“I’m pretty annoyed with Larry Summers right now,” wrote Paul Krugman. “His presentation at the IMF Research Conference is, justifiably, getting a lot of attention. And here’s the thing: I’ve been thinking along the same lines, and have, I think, hinted at this analysis in various writings. But Larry’s formulation is much clearer and more forceful, and altogether better, than anything I’ve done.”
Here’s what Summers said: The Fed’s job, most of the time, is pretty simple. Its main job is to set the federal funds interest rate, which ripples out and raises or lowers other rates on everything from mortgages to credit cards to business loans; economists and journalists tend to refer to the Fed as raising or lowering “the interest rate” rather than just the funds rate to reflect its wider influence on the whole economy.
If the Fed wants to know what interest rate we should have at a given time, it can just plug the unemployment rate and the inflation rate* into an equation, which will spit out what the fed funds rate should be. Couldn’t be easier.
The problem is that when inflation is low and unemployment is high, the interest rate that equation spits out is sometimes negative. And the Fed can’t have negative interest rates; that’d mean peoples’ bank accounts would start losing dollars over time. If that were to happen, everyone would just start doing transactions in cash, which doesn’t decay like that over time. So what the Fed can do — and does do — is promise to keep interest rates at 0 for a very long time. The hope is that doing that has similar effects to having negative rates, and will get the economy back to normal, where we can have positive rates again.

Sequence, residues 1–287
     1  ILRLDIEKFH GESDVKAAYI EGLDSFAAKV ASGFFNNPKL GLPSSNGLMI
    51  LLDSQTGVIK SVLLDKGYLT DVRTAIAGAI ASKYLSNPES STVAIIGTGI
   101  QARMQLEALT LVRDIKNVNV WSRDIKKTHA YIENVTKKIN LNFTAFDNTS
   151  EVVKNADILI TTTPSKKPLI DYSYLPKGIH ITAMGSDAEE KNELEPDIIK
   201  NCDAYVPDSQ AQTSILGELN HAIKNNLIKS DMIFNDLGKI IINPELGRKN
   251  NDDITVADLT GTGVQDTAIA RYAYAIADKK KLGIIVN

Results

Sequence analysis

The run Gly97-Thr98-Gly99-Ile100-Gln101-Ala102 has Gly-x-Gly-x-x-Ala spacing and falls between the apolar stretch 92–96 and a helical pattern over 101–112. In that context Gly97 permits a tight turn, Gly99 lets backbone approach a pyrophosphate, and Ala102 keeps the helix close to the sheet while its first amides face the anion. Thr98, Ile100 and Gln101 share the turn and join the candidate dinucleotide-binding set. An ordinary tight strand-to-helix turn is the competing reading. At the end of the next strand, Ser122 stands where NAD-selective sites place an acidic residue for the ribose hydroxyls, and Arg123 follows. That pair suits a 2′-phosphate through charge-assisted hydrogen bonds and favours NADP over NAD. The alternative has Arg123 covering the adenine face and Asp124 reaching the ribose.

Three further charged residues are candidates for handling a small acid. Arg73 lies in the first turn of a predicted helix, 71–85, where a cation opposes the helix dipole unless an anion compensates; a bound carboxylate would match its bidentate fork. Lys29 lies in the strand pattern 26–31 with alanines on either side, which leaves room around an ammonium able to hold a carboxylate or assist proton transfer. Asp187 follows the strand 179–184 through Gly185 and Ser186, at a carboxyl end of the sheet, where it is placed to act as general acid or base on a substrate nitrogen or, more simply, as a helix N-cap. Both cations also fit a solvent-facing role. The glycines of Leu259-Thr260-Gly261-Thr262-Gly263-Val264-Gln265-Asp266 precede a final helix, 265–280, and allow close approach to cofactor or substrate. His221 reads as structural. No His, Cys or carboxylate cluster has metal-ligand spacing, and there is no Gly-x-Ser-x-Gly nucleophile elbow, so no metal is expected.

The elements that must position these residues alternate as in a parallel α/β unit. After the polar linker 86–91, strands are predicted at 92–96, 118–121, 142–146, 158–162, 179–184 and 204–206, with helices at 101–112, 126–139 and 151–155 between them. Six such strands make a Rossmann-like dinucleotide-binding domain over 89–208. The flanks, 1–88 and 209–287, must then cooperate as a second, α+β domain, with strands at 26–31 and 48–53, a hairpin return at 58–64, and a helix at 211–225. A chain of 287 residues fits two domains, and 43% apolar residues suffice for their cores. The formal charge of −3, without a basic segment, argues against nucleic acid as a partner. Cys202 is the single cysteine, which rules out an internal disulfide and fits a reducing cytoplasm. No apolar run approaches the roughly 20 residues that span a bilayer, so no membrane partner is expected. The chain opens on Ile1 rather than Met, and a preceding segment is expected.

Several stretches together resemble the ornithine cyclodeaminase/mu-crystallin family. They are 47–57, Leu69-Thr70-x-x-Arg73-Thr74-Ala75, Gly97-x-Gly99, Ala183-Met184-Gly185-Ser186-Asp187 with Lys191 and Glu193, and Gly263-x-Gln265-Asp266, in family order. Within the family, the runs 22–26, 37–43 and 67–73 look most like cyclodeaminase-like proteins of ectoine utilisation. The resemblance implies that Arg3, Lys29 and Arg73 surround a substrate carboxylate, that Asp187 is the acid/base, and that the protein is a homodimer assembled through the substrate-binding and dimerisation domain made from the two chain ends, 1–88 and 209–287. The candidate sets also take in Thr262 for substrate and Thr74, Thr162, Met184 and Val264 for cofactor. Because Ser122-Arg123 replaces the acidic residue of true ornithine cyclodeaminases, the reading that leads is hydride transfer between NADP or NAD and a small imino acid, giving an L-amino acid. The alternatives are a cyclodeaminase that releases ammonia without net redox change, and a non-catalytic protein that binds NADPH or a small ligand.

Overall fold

But that approach only works if, when times are good, the interest rate we want is positive. For most of history to date, that’s been true. But Summers argues that it could be that the rate we want is negative. If that’s true, then keeping rates at zero indefinitely won’t get us where we need to be. We need to take much more drastic action.
Click “Know More” to read Danny Vinik on what form that action could take. Also, read Miles Kimball on electronic money, one promising way around this problem.
* Or the output gap and the inflation rate, or just nominal income, but let’s not get hung up on details of various policy rules.